1920. Miracle on The Vistula

Open 10:00-17:00. Tue 10:00-18:00, Sun 10:00-16:00, Closed Mon.       Al. 3 Maja 1
The 1920 Battle of Warsaw is an engagement that is often overshadowed by the preceding 4 years of World War One. However, the miraculous Polish victory on the battlements of Warsaw was, in fact, a watershed moment in European history. If Poland lost to the Bolshevik Russians, it's highly likely that the Communist revolution would've spread further west and enveloped the battle-worn nations of Germany, Hungary and Romania, and severely alter the course of history as we know it today. Would there be a Nazi Germany in the communist sphere? Would the Cold War have begun 25 years earlier? Would Poland even exist as an independent nation 100 years later?

The '1920. Miracle on The Vistula' exhibition at the National Museum features posters from the time of the Polish-Bolshevik War, illustrative of its horror and created by eminent Polish artists: Edmund Bartłomiejczyk, Zygmunt Kamiński, Felicjan Szczęsny Kowarski, Zdzisław Gedliczka, Józef Mehoffer, Józef Ryszkiewicz, Kamil Mackiewicz and Karol Homolacs. These are cleverly-juxtaposed with Soviet propaganda posters by excellent Russian artists, such as Vladimir Mayakovsky and Dmitry Moor.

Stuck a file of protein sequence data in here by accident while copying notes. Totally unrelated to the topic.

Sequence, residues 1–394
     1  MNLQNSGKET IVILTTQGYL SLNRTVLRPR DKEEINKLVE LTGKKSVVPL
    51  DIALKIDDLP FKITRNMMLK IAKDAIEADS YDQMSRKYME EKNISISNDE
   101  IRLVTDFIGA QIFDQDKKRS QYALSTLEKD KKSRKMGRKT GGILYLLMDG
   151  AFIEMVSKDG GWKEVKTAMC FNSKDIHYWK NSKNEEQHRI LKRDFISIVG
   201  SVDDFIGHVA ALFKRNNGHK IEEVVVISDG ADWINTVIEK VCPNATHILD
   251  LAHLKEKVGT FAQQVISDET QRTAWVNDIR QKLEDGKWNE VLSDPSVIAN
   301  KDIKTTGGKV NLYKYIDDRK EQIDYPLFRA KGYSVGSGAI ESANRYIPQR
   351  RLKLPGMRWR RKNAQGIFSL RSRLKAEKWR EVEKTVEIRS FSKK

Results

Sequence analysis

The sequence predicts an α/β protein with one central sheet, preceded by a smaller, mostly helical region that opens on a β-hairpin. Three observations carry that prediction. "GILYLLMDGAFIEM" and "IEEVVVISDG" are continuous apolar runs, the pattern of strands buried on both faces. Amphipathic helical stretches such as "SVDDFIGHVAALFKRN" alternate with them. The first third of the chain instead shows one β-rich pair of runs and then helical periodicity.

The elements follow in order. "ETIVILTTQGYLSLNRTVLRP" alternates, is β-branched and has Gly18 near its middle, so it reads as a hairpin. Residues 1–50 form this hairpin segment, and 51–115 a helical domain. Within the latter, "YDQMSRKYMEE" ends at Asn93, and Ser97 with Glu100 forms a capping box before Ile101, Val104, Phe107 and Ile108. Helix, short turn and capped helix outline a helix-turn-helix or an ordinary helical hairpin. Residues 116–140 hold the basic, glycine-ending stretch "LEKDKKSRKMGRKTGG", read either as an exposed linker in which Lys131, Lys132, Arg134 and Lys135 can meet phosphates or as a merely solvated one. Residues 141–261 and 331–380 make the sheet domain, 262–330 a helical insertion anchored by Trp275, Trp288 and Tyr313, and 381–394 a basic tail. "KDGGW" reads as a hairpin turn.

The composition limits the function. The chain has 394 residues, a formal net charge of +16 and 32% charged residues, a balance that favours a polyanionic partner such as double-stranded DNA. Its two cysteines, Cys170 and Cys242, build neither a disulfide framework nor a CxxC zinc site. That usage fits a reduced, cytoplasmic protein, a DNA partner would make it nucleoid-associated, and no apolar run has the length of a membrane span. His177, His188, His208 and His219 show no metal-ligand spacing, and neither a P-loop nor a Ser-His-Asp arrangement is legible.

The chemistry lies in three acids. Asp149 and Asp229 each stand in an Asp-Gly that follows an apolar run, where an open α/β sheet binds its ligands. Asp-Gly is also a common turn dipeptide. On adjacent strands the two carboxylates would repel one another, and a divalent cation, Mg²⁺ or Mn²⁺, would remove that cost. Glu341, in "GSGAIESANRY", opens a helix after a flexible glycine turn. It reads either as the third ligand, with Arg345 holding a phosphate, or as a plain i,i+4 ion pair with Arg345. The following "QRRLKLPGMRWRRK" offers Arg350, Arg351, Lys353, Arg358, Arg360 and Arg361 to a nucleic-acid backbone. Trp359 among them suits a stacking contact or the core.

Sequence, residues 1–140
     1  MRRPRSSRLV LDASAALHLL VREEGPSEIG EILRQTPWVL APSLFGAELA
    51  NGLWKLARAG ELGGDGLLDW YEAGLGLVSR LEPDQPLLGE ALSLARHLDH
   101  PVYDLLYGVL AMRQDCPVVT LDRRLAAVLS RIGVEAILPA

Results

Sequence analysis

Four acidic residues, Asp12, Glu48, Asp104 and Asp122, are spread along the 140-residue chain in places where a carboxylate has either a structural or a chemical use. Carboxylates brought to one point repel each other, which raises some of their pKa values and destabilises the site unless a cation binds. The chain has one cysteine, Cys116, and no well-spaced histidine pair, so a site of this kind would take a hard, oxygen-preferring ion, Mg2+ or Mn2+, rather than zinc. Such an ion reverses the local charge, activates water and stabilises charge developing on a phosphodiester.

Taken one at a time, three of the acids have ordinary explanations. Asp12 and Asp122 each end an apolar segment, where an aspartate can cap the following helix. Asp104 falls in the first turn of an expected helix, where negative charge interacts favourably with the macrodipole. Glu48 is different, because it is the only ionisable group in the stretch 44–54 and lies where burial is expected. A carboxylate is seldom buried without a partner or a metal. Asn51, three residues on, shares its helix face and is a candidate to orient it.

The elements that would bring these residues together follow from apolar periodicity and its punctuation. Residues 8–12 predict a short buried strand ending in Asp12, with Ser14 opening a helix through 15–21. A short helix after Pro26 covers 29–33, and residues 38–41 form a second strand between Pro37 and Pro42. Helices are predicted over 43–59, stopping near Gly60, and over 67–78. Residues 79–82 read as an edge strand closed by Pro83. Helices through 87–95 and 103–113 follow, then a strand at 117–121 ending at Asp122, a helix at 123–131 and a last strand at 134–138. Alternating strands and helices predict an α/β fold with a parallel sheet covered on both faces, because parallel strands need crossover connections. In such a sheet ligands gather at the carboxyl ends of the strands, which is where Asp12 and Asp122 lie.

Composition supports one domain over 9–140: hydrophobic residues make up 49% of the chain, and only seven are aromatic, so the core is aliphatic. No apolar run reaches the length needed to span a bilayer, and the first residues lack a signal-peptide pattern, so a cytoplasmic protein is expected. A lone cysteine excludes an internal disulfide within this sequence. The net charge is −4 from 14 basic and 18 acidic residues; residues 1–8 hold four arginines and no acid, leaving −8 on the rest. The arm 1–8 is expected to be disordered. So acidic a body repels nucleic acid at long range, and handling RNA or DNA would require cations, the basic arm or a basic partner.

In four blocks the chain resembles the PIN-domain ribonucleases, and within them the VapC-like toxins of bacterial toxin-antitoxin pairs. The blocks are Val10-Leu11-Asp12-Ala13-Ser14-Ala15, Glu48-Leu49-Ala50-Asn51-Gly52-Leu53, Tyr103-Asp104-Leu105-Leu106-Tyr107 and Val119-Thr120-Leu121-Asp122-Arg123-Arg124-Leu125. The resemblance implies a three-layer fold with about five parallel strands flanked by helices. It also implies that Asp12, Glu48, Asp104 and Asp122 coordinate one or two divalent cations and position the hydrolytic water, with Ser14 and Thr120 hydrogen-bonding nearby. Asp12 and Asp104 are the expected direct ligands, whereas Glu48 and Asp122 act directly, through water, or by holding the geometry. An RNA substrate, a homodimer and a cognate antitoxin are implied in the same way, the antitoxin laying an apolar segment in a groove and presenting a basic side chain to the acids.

In addition, life on the frontlines are portrayed through the drawings and prints of Wiktor Gutowski, who fought in the conflict, and his artistic vision of the Battle of Warsaw, as well as paintings by Jerzy Kossak and Jerzy Jełowiecki. The exhibition is also complemented with period documents, decorations and badges awarded for fighting in the Polish-Bolshevik War, original uniforms and equipment of Polish soldiers from that era, and weapons.



Open 10:00-17:00. Tue 10:00-18:00, Sun 10:00-16:00, Closed Mon. Jul 24 2020 - Nov 29 2020
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